Indeed, failures to confront adversary efforts to erode norms or employ calibrated sub-conventional aggression at forward friction points, especially within prioritized theaters, risks sending adversary leaders dangerous signals. As we have noted, authoritative Chinese and Russian literature strongly imply that military balances are just one of the metrics their leaders take into account within their decision calculus. U.S. efforts at maintaining deterrence stability benefit from convincing Chinese and Russian leaders that holistic strategic and theater trends remain unfavorable for them to chance major aggression.

This is not just an East Asia or Eastern Europe consideration given how Chinese and Russian estimates of U.S. strategic power are measured regionally as well as worldwide. The 2018 NDS prioritized the Indo-Pacific and Europe for day-to-day allocation of the most combat-capable and campaign-critical forces. That does not mean that U.S. forces should not be used economically to support strategic competition with China and Russia at carefully selected friction points elsewhere. Indeed, Contact layer operations at friction points in secondary theaters can sometimes offer low-cost opportunities for shaping Chinese and Russian global power estimates and complicating their abilities to score grand strategic gains they value highly, which in turn may indirectly reinforce deterrence against aggression in the priority theaters. Naval forces provide scalable, tailorable, and highly mobile options for performing these kinds of operations, including from within international waters with no dependence on a host nation. The 2018 NDS’ Dynamic Force Employment (DFE) concept, which emphasizes proactive and operationally unpredictable force movements and actions, provides an additional framework for tailoring Contact layer naval operations at select friction points in support of deterrence and strategic competition.

Deterrence stability also benefits from not pressing adversaries in places and ways that excessively exacerbate their fears based on their perceptions of extant circumstances, regardless of whether the U.S. instrument of competition is military, non-military, or both in tandem. Conventional deterrence works best if adversary leaders are primarily motivated by opportunism; it does not work as well if adversary leaders are primarily motivated by desperation and fear.5 An approach that carefully balances deterrence and competition with reassurance and restraint is necessary. It is essential that authoritative intelligence estimates of adversary mindsets, calculus, and objectives under extant circumstances dynamically inform Contact layer operations and Blunt layer configuration and posture.

Ultimately, decisions regarding which friction points U.S. naval forces should contest and in which theaters, and the timing and means for doing so, are reserved for U.S. political leadership. The naval services’ responsibility is to possess the requisite concepts, capabilities, and readiness to provide U.S. political leaders a range of flexible options for Contact layer actions, and a range of credible and effective options for Blunt layer design.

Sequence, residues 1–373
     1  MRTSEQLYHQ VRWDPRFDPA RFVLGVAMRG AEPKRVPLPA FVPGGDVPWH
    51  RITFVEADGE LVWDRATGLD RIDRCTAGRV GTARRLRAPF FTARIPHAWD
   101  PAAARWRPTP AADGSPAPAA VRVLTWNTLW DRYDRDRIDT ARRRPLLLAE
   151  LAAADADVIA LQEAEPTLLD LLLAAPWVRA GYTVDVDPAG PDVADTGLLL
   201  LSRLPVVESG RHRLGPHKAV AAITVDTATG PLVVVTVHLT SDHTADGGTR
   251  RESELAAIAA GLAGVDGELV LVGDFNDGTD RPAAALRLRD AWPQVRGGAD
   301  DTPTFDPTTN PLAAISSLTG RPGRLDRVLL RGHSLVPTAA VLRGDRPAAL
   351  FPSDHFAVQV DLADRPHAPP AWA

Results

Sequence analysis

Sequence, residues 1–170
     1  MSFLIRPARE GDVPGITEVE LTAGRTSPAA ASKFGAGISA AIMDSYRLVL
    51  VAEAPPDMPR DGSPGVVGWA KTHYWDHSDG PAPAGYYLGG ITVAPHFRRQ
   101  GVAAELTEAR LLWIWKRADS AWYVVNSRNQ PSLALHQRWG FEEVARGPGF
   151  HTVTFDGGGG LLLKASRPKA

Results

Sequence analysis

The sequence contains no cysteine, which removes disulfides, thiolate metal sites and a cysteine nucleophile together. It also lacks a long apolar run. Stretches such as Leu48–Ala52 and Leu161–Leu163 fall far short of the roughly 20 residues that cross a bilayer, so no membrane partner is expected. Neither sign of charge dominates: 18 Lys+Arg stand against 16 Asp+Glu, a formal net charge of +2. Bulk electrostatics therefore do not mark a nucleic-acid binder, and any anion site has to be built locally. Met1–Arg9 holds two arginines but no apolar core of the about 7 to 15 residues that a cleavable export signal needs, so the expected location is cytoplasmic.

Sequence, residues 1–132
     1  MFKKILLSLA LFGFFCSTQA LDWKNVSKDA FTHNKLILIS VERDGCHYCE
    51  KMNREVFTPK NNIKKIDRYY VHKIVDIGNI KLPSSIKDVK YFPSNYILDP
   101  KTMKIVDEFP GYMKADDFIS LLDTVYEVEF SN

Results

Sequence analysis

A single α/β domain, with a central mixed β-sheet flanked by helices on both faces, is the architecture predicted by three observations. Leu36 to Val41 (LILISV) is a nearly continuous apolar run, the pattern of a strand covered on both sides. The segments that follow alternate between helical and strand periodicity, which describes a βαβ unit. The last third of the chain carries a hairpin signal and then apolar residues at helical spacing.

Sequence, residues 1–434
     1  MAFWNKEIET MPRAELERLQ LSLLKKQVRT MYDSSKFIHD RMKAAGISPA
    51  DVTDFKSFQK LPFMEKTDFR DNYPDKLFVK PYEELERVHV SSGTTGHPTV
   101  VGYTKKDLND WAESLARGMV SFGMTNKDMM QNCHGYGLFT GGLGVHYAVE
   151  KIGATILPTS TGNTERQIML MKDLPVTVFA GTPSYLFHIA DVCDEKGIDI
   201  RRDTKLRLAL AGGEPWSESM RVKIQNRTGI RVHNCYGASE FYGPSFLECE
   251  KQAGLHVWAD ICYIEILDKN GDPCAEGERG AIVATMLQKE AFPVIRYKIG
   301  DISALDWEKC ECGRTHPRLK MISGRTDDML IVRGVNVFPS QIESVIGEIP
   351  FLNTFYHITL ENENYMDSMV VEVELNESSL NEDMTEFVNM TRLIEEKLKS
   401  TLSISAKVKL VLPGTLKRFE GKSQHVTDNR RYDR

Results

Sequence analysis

Attributes of and Considerations for Naval Forces in the Contact and Blunt Layers

A force’s required attributes—the functional characteristics it needs in order to support strategic objectives—can be derived from strategy to inform force design and development. The Contact and Blunt layers create demands for specific attributes from naval forces.

Responsive. Naval forces need to be positioned and postured such that they can respond on timelines necessary to generate circumstantial competitive or deterrent effects at forward friction points. This generally means Contact and Blunt layer naval forces must be forward deployed, whether permanently, rotationally, or situationally (e.g. DFE)—and whether at the front in a theater or further afield.

Credible. Adversary leaders must perceive forward naval forces’ capabilities, quantities, positioning, and posture as sufficient to make aggression unattractively costly and risky. It does not matter whether U.S. leaders perceive forward naval forces as sufficient or not; adversary perceptions are what matter for deterrent and competitive effect.

Persistent. Forward naval forces may need to remain in a given area during day-to-day or crisis operations for long periods. They require the ability to sustain themselves through economical consumption of fuel and materiel and by leveraging theater logistics networks.

Tailorable. Forward naval forces may be required to generate a wide variety of deterrent or competitive effects based on U.S. objectives and extant circumstances. This primarily translates into requirements for flexibility, selective visibility, and scalability: